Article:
Youth Justice System
The statutory aim of the Youth Justice system in Northern Ireland is to protect the public by preventing offending and re-offending by children.
A child is defined as being anyone under the age of 18, although unless they are over 10 years of age (the age of criminal responsibility) they cannot be charged with an offence. If found guilty by a youth court (or sometimes for very serious offences, by the crown court), a child can be sentenced to any one of a range of options from conditional discharge or fines, through community sentences and even to custody. The Youth Justice Agency is the lead agency in these matters in Northern Ireland.
The Justice (NI) Act 2002 introduced a range of innovative new measures for dealing with children who offend, the most significant being youth conferencing which is based upon inclusive restorative justice principles. This operates both as an alternative to prosecution or as a court-ordered process and allows children to take responsibility for their actions, gives victims an opportunity to say how they have been affected and results in an agreed plan to redress the harm done.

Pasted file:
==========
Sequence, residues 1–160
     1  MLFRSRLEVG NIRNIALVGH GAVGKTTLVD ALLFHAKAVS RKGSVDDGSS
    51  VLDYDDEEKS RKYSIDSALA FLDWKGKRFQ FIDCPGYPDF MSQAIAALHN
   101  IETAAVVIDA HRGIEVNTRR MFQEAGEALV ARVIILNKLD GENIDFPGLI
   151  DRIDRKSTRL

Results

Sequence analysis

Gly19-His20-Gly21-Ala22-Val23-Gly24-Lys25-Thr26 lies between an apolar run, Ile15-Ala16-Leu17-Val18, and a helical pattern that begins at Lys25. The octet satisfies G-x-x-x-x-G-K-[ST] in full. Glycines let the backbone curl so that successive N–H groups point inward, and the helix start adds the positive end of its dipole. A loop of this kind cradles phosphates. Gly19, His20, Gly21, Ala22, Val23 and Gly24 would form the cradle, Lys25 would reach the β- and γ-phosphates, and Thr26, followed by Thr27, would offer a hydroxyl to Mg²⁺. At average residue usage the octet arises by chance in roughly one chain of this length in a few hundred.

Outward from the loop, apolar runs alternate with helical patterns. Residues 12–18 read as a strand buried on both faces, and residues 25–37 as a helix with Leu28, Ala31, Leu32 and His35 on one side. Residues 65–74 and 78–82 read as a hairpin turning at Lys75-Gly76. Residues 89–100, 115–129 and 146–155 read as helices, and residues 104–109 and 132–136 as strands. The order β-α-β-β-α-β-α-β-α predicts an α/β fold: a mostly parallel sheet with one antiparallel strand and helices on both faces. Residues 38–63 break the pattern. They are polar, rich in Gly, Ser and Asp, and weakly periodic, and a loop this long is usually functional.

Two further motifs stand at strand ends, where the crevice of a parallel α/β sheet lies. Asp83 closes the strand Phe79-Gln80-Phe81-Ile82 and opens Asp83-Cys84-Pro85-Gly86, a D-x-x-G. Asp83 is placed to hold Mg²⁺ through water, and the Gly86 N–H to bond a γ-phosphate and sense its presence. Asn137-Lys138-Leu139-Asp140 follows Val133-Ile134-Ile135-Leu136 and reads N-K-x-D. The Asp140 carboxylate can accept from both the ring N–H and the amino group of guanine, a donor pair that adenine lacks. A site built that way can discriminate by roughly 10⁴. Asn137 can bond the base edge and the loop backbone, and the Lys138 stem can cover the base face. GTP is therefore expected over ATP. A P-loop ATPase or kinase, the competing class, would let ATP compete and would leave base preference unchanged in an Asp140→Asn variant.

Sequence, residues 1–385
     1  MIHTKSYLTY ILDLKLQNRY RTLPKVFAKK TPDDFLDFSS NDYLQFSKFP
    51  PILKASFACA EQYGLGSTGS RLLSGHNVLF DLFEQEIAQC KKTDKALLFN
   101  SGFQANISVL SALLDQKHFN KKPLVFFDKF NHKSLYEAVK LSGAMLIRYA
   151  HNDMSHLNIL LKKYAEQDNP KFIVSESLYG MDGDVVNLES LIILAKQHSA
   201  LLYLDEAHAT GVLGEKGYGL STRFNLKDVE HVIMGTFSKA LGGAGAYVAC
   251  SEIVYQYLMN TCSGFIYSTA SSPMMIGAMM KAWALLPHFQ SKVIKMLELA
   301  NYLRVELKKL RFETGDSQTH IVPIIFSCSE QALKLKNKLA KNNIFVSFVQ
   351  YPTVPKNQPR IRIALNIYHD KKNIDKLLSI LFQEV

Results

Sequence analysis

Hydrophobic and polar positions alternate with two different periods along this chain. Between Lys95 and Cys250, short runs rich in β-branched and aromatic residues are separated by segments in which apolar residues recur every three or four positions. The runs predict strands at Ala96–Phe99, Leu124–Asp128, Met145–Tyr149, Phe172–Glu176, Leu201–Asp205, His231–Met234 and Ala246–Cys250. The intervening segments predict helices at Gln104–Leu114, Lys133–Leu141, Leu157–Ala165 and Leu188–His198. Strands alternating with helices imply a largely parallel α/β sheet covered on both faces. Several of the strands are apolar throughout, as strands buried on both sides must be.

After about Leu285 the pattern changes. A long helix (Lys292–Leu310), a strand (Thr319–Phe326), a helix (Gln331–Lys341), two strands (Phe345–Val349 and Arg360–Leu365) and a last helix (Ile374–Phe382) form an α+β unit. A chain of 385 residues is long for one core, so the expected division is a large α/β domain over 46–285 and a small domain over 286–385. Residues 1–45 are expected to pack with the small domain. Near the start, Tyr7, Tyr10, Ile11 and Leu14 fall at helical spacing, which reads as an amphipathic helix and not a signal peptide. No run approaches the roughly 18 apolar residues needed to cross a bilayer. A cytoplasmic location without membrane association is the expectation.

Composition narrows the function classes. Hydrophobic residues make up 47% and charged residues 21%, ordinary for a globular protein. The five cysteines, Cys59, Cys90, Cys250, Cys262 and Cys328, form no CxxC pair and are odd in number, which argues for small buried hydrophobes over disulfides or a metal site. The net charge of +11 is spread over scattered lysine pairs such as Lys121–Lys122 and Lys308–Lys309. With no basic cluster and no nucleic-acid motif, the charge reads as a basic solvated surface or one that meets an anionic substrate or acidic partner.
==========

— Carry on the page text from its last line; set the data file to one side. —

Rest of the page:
Both pre-court diversionary youth conferencing (operated by the Public Prosecution Service) and the youth diversion scheme (operated by the PSNI) are aimed at preventing children from re-offending and moving further into the justice system. In addition, a number of statutory and voluntary bodies operate early intervention programmes to try to prevent children at risk of offending from doing so. This co-operation across the sector has been formalised in a Charter for Youth Justice.
The Charter sets out a series of statements which describe the type of system we aspire to, the principles of how this might be achieved, and priorities for collective action. It is intended to provide a flexible framework within which we can all operate to a common end.
Much of the work done by Northern Ireland Departments in delivering on the 10 year Children's Strategy will also help to reduce offending, promote social inclusion and lead to better outcomes for all children in Northern Ireland.